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Americans in Britain

During World War Two, American soldiers flooded into Britain to prepare for departure to the continent, to maintain supply networks, to fly missions from airbases along the coast, and numerous other activities that occupied soldiers during wartime. If soldiers were stationed in Britain long enough, they would be able to take their leave, usually on weekends, to explore the countryside and experience the local culture in England, Wales, and Scotland.

For men who were accustomed to living in the United States, Britain was a mix of sights and activities that were simultaneously familiar and strange. The need for manpower in the war against Germany meant that American men were entering the country in large numbers for the first time in U.S. history.

Living through Letters

The only way to communicate with friends and family back home was to write and receive letters through the army mail service, which was frequently interrupted by the events of war. German U-boats hunted transport ships in the Atlantic Ocean and could destroy thousands of letters by sinking a ship carrying mail. The American G.I.s who waited patiently for news from home could lose morale quickly when mail was delayed or lost.

One of my chief complaints has been the mail. Since we moved, we haven't been able to get any up until the last couple of weeks. The trouble is that not only we moved but also the headquarters where our mail is sent. I hope now it's started it keeps coming. No mail is bad for morale.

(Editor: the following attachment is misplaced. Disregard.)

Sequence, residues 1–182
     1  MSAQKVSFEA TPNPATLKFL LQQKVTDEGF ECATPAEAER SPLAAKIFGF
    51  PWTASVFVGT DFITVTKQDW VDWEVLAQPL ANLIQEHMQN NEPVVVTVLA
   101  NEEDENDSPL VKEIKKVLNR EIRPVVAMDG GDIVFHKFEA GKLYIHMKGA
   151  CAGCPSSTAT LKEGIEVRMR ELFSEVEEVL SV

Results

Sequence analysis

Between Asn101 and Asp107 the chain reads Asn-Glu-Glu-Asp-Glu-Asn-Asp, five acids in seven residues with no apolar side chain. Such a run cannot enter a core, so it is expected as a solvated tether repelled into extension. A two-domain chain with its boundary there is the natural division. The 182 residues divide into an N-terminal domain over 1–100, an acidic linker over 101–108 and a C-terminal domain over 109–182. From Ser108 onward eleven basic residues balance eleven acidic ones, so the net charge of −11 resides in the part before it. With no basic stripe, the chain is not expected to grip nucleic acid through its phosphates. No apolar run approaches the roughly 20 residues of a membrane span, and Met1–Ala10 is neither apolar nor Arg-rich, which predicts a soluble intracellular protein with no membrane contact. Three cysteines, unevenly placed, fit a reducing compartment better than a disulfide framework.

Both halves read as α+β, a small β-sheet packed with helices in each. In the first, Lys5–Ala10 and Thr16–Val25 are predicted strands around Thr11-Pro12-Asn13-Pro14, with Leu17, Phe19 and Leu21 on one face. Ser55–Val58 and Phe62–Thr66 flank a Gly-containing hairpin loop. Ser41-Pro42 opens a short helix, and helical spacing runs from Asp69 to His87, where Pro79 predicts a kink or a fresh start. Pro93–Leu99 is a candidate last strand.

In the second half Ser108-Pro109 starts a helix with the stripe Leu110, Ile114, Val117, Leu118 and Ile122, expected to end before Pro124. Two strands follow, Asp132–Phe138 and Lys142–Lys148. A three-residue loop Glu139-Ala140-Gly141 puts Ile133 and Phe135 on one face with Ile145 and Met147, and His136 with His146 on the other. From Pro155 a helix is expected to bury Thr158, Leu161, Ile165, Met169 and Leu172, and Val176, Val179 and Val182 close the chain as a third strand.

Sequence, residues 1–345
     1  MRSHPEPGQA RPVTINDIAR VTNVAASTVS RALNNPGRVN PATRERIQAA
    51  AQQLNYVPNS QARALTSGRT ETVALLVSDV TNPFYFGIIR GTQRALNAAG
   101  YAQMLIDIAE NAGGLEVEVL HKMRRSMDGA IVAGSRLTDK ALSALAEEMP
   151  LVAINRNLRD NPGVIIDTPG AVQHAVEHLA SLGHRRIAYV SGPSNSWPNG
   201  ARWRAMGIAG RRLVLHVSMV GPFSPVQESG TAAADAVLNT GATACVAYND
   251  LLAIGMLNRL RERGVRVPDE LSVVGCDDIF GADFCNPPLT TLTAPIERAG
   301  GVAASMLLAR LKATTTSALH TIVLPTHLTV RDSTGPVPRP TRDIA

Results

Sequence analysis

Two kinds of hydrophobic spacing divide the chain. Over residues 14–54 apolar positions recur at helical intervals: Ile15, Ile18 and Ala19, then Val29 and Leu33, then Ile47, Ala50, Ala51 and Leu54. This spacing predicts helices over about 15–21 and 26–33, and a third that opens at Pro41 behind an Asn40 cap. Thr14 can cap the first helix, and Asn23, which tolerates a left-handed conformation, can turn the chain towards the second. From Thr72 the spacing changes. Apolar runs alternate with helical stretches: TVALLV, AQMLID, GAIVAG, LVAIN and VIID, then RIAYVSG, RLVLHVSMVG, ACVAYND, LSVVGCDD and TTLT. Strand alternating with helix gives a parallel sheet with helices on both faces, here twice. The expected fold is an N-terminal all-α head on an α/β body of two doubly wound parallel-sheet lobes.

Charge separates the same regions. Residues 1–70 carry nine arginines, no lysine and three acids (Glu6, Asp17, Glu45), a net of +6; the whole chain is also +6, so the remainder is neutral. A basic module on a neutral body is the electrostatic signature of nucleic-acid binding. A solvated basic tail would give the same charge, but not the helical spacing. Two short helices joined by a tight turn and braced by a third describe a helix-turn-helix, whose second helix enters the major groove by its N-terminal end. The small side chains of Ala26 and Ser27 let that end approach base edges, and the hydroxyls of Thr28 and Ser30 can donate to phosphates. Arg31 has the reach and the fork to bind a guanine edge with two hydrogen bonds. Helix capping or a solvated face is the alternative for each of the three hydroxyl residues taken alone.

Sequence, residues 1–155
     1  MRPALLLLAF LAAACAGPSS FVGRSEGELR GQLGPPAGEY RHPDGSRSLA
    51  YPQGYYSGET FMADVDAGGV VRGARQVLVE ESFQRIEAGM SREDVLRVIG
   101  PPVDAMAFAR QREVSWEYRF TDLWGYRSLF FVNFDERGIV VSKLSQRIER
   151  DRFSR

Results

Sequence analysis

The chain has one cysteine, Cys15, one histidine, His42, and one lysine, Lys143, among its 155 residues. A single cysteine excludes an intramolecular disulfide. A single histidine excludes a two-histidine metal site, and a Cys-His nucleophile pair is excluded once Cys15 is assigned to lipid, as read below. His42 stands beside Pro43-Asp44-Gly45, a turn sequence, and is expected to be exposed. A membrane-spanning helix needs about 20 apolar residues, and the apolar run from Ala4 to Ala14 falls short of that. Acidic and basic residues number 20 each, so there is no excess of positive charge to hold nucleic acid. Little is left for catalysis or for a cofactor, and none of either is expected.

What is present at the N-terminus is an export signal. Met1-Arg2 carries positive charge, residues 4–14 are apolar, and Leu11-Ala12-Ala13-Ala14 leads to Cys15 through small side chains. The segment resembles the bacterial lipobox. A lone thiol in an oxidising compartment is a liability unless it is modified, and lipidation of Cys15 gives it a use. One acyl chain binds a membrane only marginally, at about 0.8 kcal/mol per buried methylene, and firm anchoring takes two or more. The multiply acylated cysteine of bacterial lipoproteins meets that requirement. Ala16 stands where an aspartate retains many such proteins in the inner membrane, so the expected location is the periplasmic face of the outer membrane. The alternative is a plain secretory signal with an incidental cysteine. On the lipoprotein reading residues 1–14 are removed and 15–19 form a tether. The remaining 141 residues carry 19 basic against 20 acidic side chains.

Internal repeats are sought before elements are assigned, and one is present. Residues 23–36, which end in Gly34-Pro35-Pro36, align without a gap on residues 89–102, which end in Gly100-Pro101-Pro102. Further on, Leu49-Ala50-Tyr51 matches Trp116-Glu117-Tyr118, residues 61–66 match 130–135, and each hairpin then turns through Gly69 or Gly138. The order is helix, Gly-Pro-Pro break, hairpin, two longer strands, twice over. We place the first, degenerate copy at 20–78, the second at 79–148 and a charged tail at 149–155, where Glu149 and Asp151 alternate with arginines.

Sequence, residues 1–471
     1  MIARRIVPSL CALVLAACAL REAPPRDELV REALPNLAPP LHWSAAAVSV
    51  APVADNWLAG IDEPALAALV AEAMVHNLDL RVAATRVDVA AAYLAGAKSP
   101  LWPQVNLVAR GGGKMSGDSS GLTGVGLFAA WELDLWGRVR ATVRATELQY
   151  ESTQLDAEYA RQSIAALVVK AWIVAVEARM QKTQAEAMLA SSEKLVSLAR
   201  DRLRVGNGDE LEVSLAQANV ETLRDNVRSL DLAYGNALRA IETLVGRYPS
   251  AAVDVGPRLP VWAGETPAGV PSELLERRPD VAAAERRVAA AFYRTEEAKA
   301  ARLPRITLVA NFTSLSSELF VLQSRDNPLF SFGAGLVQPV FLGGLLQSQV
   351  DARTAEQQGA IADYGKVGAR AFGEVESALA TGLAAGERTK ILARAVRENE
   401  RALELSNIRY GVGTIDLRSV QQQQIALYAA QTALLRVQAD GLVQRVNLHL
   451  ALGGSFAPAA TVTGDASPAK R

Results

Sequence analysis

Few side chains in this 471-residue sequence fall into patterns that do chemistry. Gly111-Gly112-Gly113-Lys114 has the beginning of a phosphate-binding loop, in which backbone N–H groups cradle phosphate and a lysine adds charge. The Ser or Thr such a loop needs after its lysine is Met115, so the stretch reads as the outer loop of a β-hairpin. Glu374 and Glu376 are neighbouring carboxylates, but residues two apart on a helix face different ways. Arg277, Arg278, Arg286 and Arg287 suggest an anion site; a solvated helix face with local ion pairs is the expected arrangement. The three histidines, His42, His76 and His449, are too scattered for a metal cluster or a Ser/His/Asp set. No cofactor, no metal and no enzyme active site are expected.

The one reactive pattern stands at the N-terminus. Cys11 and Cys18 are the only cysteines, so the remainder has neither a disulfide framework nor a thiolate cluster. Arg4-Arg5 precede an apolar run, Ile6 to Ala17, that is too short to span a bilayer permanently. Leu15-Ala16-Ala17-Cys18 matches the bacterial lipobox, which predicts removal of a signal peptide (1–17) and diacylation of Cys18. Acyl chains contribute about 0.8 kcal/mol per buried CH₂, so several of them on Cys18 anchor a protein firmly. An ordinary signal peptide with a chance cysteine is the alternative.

- Johnny Waller, October 27, 1944

Letters mean morale over here. You should see the way the mailman is mobbed and the look on a Joe's face when he gets a bundle of letters after waiting six, eight or more weeks.

- Johnny Waller, November 8, 1944


One of the methods for soldiers to communicate with their friends and relatives was V-Mail, a process in which letters were photographed to microfilm, shipped overseas, printed from the negatives, and then mailed by regular post to the recipient. The process was extremely efficient, which was essential to reduce the strain on wartime shipping.

The 37 mail bags required to carry 150,000 one-page letters could be replaced by a single mail sack.

Smithsonian Postal Museum

Soldiers on Leave

When American G.I.s were stationed overseas, they often found themselves with extra free time in the evening or on weekends. With a pass to leave their post, soldiers were free to explore their locale, at least as far as their feet could carry them. In the nearest town, they might find a cinema showing the latest Abbott and Costello, or stop by the Red Cross for dinner. Some towns, such as Blackpool, were known for tourism before the war, and so they had beaches, piers, and other amusements in place to entertain the American troops. Soldiers close enough to London might be able to visit the city to see the historic buildings that still stood despite bombing raids.


Sometimes the men had access to cameras, which meant they could take a photograph to send home to their friends or family. Because letters and photographs were heavily censored by officers, any mention of locations would be blacked out. As a result, soldiers such as Johnny Waller might take photos and not mention where they were taken, leaving the recipient to figure out where the G.I. had been.

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